Op-Ed: Don't Ditch Those Industrial Land Uses

An op-ed describes the choice by many cities to prioritize residential projects in old industrial spaces as short-sighted and potentially unjust.

2 minute read

June 6, 2016, 2:00 PM PDT

By James Brasuell @CasualBrasuell


Producing Exalted IPA at Mancave Brewing in Eugene, Oregon. | Joshua Rainey Photography / Shutterstock

Andy Cook writes an op-ed for Next City that makes an impassioned plea in support of the industrial land uses that are giving way to luxury residential developments in cities like Baltimore and many others around the United States. "If Baltimore and cities like it want to build a future that offers opportunities for everyone," writes Cook, "we need to hold the line on light industrial zoning, and think hard about ways we can rebuild our base of working class jobs, and ultimately, the pathways they offer back into the middle class."

Cook offers the example of Union Craft Brewing—a home-grown Baltimore success story looking for a new location for expansion. The problem: the city of Baltimore has been prioritizing residential housing over industrial space during the current urban boom. Cook provides context:

Between 2005 and 2015, Baltimore down-zoned over 400 acres of industrial land to residential or commercial categories. During that same time, it added only 67 acres of new industrial zoning, all at the former site of the Hollander Ridge public housing project, demolished in 2000. 

Noting that "once a city gives up an industrial area, it never comes back," Cook builds the case that Baltimore's focus on residential adaptive reuse projects only benefits an "upwardly mobile generation of suburbanites seeking a more urban lifestyle." Meanwhile much of Baltimore's population is mired in unemployment and underemployment.

Thursday, June 2, 2016 in Next City

Aeriel view of white sheep grazing on green grass between rows of solar panels.

Coming Soon to Ohio: The Largest Agrivoltaic Farm in the US

The ambitious 6,000-acre project will combine an 800-watt solar farm with crop and livestock production.

April 24, 2024 - Columbus Dispatch

Large blank mall building with only two cars in large parking lot.

Pennsylvania Mall Conversion Bill Passes House

If passed, the bill would promote the adaptive reuse of defunct commercial buildings.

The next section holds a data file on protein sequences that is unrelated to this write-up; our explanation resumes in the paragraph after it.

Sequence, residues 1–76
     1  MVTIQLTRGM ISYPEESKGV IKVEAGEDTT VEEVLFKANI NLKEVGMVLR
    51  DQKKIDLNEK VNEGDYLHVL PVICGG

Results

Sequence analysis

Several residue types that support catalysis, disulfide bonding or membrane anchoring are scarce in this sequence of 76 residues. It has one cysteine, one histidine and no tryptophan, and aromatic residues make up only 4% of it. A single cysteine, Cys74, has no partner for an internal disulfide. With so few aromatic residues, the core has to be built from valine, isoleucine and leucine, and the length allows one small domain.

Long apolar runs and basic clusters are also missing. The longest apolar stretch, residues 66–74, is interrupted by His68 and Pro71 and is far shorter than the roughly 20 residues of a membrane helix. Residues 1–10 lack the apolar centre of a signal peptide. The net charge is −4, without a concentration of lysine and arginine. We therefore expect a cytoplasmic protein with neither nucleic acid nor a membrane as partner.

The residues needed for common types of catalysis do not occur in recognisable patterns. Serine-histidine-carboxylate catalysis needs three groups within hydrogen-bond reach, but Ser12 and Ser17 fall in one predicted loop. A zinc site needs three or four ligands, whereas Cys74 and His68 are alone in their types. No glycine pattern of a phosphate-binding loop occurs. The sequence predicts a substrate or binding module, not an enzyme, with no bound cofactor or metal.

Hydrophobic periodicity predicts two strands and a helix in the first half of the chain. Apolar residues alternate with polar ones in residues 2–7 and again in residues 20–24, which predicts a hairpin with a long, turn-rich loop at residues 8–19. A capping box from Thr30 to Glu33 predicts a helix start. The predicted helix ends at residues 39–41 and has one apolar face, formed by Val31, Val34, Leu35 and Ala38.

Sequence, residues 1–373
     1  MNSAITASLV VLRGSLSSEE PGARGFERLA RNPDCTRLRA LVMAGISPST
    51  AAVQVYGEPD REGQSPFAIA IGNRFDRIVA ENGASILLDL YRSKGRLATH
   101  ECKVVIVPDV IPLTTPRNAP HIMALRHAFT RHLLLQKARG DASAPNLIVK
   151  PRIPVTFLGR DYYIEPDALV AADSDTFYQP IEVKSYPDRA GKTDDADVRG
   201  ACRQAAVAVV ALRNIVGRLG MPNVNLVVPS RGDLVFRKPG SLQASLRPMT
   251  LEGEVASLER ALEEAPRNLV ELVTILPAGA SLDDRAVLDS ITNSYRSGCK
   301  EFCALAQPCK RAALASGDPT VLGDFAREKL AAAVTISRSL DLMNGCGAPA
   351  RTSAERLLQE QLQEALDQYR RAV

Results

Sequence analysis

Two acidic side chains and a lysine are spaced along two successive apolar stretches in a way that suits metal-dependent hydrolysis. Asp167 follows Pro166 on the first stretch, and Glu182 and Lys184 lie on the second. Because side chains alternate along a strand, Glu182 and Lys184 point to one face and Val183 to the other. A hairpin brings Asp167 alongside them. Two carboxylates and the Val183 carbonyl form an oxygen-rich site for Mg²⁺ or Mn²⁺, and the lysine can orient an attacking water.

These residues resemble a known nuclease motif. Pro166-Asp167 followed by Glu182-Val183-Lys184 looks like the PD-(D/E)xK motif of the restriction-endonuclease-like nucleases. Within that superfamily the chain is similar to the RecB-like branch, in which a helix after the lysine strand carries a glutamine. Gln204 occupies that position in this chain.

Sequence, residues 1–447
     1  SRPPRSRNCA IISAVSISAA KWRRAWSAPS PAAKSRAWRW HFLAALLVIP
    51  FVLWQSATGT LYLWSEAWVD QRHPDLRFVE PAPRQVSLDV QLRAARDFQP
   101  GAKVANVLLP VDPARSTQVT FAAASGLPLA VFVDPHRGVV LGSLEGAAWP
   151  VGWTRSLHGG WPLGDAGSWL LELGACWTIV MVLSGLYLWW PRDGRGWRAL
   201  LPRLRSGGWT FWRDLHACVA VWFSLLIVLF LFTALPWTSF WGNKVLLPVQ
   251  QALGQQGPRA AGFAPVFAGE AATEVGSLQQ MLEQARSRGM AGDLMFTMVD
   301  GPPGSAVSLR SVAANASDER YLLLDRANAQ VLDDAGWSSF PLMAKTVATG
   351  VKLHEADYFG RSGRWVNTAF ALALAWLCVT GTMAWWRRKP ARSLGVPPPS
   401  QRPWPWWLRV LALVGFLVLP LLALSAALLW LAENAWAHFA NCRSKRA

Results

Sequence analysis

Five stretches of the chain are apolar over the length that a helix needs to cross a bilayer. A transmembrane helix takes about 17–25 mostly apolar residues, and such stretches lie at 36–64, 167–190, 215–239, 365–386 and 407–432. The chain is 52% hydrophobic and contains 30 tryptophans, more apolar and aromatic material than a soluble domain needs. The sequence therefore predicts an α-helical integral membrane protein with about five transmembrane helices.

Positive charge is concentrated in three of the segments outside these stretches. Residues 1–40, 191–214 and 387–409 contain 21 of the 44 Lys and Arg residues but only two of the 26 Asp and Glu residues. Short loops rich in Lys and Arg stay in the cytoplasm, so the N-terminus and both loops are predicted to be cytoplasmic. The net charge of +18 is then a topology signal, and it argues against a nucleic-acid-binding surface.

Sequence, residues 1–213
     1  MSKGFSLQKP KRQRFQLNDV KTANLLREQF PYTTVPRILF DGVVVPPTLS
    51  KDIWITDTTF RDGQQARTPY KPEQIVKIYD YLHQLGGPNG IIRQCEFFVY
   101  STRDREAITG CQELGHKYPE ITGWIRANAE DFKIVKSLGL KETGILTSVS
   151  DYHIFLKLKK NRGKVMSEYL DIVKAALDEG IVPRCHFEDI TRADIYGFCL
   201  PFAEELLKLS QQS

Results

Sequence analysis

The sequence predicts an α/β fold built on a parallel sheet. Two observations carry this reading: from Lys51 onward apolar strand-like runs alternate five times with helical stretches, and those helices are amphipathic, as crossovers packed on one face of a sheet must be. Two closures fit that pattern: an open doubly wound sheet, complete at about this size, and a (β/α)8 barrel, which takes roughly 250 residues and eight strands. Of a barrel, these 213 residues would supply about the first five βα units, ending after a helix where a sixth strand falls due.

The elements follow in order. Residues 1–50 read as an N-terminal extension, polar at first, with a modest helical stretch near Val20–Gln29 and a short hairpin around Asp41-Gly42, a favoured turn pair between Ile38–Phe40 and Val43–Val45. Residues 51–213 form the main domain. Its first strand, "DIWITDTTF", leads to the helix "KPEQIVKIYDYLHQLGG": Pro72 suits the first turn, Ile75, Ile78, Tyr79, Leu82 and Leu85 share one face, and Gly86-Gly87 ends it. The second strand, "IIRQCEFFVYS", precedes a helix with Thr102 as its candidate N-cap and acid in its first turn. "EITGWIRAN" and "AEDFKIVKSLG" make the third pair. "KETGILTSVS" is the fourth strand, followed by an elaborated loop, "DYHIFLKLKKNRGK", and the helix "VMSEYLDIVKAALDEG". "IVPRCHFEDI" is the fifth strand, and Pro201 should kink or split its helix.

April 18, 2024 - Central Penn Business Journal

Workers putting down asphalt on road.

U.S. Supreme Court: California's Impact Fees May Violate Takings Clause

A California property owner took El Dorado County to state court after paying a traffic impact fee he felt was exorbitant. He lost in trial court, appellate court, and the California Supreme Court denied review. Then the U.S. Supreme Court acted.

April 18, 2024 - Los Angeles Times


Dallas Surburb Bans New Airbnbs

Plano’s city council banned all new permits for short-term rentals as concerns about their impacts on housing costs grow.

1 hour ago - FOX 4 News

Divvy Chicago

Divvy Introduces E-Bike Charging Docks

New, circular docks let e-bikes charge at stations, eliminating the need for frequent battery swaps.

2 hours ago - Streetsblog Chicago

Freeway sign with "severe weather - use caution" over multilane freeway in rainy weather.

How Freeway Projects Impact Climate Resilience

In addition to displacement and public health impacts, highway expansions can also make communities less resilient to flooding and other climate-related disasters.

3 hours ago - Transportation for America

News from HUD User

HUD's Office of Policy Development and Research

Call for Speakers

Mpact Transit + Community

New Updates on PD&R Edge

HUD's Office of Policy Development and Research

Urban Design for Planners 1: Software Tools

This six-course series explores essential urban design concepts using open source software and equips planners with the tools they need to participate fully in the urban design process.

Planning for Universal Design

Learn the tools for implementing Universal Design in planning regulations.